The Department of Environmental Protection said Tuesday that an untold number of waste tires continue to burn and flames have spread inside an “abandoned mine opening” on Big Mountain in Northumberland County.
Employees of the department’s Bureau of Abandoned Mine Reclamation is monitoring the fire and “working with the appropriate parties to determine the best way to abate the fire,” according to a response provided by Megan Lehman, environmental community relations specialist, Williamsport.
The cause of the fire is under investigation, according to the statement.
“The fire is down inside a narrow, abandoned mine opening, so visibility is very poor. Based on available information, it appears that the fire is predominantly consuming waste tires at this time. The smell and appearance of the smoke is consistent with that of burning rubber, and DEP has received reports of long-term dumping of car and truck tires at the site,” the statement reads.
“DEP intends to be actively involved with the site until we believe the fire is extinguished,” the statement reads.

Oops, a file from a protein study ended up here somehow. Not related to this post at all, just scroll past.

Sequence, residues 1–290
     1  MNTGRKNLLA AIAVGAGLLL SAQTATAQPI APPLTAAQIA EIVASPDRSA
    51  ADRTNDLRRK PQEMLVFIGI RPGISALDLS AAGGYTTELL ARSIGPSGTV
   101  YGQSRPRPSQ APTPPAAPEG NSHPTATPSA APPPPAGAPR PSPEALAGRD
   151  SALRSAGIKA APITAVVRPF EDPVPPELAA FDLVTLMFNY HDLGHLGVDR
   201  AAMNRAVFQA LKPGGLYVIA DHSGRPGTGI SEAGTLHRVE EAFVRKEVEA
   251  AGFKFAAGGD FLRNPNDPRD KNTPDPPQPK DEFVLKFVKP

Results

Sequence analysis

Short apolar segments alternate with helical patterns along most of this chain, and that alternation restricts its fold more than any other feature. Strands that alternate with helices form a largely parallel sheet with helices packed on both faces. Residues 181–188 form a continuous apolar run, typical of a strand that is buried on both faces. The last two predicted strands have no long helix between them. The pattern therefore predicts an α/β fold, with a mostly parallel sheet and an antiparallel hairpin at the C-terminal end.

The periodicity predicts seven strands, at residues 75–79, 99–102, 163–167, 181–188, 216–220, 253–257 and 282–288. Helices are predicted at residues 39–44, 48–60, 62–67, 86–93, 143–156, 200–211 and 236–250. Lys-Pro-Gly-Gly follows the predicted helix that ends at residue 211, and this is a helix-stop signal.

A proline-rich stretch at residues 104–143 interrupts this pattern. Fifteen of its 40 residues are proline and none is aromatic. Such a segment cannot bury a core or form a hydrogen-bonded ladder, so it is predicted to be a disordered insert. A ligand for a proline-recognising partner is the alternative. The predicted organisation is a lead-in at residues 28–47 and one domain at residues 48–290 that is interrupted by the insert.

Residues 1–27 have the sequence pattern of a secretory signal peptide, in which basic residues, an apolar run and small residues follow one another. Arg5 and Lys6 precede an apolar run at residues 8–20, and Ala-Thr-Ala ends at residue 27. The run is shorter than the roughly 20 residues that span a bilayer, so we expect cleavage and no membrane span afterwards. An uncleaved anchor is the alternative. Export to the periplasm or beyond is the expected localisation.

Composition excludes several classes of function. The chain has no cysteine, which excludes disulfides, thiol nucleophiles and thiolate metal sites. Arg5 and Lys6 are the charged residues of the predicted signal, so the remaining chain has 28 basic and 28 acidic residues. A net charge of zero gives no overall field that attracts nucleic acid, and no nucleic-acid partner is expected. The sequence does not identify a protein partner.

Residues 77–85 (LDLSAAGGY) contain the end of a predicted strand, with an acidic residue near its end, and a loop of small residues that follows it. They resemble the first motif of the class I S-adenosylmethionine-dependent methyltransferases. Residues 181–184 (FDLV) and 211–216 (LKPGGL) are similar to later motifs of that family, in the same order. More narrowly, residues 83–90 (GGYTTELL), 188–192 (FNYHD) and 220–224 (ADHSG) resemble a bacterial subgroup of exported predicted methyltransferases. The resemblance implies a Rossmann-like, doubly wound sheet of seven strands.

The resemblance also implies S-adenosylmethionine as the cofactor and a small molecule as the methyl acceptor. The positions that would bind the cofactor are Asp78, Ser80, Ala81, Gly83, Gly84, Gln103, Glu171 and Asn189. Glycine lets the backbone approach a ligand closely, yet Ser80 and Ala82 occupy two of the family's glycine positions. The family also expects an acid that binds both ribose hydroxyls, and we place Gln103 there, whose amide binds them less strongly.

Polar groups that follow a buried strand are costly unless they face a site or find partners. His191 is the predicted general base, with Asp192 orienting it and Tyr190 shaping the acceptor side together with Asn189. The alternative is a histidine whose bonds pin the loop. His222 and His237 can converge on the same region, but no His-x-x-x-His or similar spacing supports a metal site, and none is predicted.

The fire scene is located in the hills immediately south of Trevorton, Zerbe Township, off of Gap and Shingara roads. Northumberland County 911 dispatchers directed first responders to the scene about 6:15 p.m. Saturday. The report was that potentially thousands of old tires caught fire and flames spread into the mine.
Dozens of units responded. Smoke could be seen rising from the mountaintop during daylight hours. At night, flashing lights from emergency apparatus at the top of Big Mountain, near a cross, were plainly visible from the top of Little Mountain, north of Trevorton, along Route 890. The scene was active until at least 11 p.m.
“Local first responders applied approximately 200,000 gallons of water to the fire over the weekend and planned to apply an additional 5,000 gallons of water last night,” according to the DEP statement.
Steven Jeffery, Northumberland County Emergency Management director, gave a similar account late Saturday. State inspectors were to visit Monday, he said.
The land is owned by the Northumberland County Commissioners and is leased by the Anthracite Outdoor Adventure Area, according to DEP.